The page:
The Attorney-General of the Federation and Minister of Justice, Abubakar Malami (SAN), said on Thursday, that the anti-corruption agencies would beam their searchlight on banks that had been aiding corrupt practices in the country.
He said the federal government through his ministry would work closely with the Economic and Financial Crimes Commission, EFCC and the Independent Corrupt Practices and other related offences Commission, ICPC to ensure that banks involved in corrupt practices were sanctioned.
Speaking during his first full day in office in Abuja after his Wednesday’s re-appointment as the AGF, Malami also promised to pursue judicial reforms including proposing an amendment to the constitution that would provide an innovative way to tackle congestion of cases at the Supreme Court.
On financial institutions’ involvement in corruption, he said, “As bad news to the rogues within our financial system, in the next four years, the Federal Ministry of Justice in collaboration with anti-corruption agencies will beam searchlight on the financial institutions and non-designated financial institutions in order to make them pay dearly for the dastardly roles they played and are still playing in encouraging and deepening corruption in Nigeria.
“From arms procurement fraud, INEC bribery case to Diezani case and several others, quantitative data available to the Federal Government abundantly shows that financial institutions are directly involved in most of the major corruption cases investigated by the Economic and Financial Crimes Commission and the Independent Corrupt Practices and other related offences Commission from 2015 till date.”
Malami also said the Federal Government would bring to book former and current government officials who caused the August 19, 2019 award of $9bn by a British court against Nigeria.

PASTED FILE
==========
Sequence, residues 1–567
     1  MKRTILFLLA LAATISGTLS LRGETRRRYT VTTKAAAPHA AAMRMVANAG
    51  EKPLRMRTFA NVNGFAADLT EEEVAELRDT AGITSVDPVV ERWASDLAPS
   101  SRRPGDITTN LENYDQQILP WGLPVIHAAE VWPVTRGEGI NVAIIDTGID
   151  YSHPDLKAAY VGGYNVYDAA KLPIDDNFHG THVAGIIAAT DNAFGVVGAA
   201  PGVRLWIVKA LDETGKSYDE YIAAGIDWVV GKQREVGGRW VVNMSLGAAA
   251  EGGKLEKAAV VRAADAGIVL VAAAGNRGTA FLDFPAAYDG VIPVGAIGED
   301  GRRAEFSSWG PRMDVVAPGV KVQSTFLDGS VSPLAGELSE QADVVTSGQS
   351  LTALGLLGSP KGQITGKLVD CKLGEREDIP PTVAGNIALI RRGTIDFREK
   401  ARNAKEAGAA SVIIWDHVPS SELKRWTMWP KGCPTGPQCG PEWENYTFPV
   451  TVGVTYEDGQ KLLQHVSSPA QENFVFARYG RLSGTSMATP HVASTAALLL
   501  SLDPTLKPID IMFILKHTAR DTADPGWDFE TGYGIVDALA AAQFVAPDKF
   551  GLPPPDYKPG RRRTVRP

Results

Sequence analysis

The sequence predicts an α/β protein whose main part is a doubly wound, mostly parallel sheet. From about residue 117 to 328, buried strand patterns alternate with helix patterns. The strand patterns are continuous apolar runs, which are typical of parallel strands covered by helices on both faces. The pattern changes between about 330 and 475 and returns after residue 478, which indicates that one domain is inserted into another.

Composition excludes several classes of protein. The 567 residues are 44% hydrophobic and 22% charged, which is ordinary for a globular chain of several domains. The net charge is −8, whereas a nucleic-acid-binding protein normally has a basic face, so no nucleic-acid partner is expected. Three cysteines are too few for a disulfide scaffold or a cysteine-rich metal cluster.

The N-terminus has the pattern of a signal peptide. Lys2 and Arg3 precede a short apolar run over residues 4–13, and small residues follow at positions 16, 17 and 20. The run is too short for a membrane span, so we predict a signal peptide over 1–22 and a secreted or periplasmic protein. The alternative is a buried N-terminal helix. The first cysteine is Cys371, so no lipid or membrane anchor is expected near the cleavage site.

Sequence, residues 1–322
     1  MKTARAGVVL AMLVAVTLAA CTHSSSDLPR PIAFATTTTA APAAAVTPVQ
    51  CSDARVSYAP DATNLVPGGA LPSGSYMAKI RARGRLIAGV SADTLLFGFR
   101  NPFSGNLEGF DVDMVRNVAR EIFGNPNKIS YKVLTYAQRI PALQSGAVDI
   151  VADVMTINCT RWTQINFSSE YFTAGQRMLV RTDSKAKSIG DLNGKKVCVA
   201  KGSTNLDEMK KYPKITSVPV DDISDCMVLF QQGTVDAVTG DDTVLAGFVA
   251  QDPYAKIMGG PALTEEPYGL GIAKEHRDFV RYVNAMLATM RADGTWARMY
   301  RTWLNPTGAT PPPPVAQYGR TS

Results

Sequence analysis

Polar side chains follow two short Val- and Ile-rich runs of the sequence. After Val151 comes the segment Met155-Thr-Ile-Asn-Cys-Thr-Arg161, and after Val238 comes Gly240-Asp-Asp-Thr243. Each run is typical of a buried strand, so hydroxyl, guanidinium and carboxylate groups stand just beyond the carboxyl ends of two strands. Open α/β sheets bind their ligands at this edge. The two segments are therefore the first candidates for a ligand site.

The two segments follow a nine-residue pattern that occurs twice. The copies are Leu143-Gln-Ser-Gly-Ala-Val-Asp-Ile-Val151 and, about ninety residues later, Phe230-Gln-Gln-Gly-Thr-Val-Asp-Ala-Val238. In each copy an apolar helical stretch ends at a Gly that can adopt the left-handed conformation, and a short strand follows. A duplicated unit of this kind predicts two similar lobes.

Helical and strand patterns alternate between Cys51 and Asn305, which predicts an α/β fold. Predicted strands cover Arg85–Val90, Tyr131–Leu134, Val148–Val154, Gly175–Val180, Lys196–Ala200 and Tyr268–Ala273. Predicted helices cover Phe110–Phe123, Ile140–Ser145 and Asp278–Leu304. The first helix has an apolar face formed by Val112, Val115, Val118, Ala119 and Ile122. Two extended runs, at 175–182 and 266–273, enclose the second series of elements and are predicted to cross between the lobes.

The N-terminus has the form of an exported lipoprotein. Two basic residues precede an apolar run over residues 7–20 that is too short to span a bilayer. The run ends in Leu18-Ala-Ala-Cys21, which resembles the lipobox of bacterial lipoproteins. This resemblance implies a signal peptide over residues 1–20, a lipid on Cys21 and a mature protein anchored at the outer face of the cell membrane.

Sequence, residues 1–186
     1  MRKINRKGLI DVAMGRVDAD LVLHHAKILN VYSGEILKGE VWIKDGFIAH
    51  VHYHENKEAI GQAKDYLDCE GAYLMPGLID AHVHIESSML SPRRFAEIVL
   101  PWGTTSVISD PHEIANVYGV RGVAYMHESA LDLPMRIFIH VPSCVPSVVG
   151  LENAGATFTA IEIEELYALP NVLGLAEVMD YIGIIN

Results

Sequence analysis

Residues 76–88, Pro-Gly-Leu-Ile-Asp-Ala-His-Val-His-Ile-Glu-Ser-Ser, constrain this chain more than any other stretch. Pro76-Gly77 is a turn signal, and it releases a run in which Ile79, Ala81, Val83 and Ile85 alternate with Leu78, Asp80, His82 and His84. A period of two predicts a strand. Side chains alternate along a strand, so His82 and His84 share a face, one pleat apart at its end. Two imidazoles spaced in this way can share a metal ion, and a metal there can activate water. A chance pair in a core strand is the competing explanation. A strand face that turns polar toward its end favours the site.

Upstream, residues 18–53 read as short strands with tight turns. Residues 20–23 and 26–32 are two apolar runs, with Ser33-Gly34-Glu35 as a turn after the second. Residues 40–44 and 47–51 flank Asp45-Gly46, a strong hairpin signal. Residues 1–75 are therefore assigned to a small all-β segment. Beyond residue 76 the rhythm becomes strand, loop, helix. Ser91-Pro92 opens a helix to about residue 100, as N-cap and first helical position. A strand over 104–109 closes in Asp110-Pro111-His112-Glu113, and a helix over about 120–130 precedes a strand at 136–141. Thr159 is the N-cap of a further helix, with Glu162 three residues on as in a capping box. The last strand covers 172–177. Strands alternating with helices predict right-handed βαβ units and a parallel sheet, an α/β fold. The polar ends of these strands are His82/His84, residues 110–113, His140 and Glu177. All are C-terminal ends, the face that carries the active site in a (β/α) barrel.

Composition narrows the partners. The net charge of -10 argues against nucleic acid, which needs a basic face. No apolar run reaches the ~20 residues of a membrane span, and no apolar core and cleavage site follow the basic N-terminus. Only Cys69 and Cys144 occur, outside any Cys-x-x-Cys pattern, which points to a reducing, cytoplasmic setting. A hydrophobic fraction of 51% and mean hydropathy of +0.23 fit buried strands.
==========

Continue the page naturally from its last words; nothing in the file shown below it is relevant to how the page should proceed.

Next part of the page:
He said the anti-corruption agencies, under his watch, would be beaming searchlight on banks, and other financial institutions, and non-designated financial institutions, which he said “are involved in most of the major corruption cases.”
A United Kingdom court presided over by Justice Butcher had on August 16, 2019, awarded $9bn in favour a foreign firm, Process and Industrial Developments Limited.
The court did this by granting an enforcement application which converted the arbitration award secured by the Process and Industrial Development Limited into a domestic UK judgment against Nigeria.
The Federal Government had insisted that the money was awarded in favour of the Process and Industrial Development Limited despite that the 20 years old project of accelerated gas development, in Nigeria’s OMLs 67 and 123, for which it was meant for was never executed.
It said it would take steps to stop the enforcement of the judgment.
On Thursday, Malami described the award by the UK court as sad, and dubbed it as part of the “consequences of the underhand dealings of the past administrations.”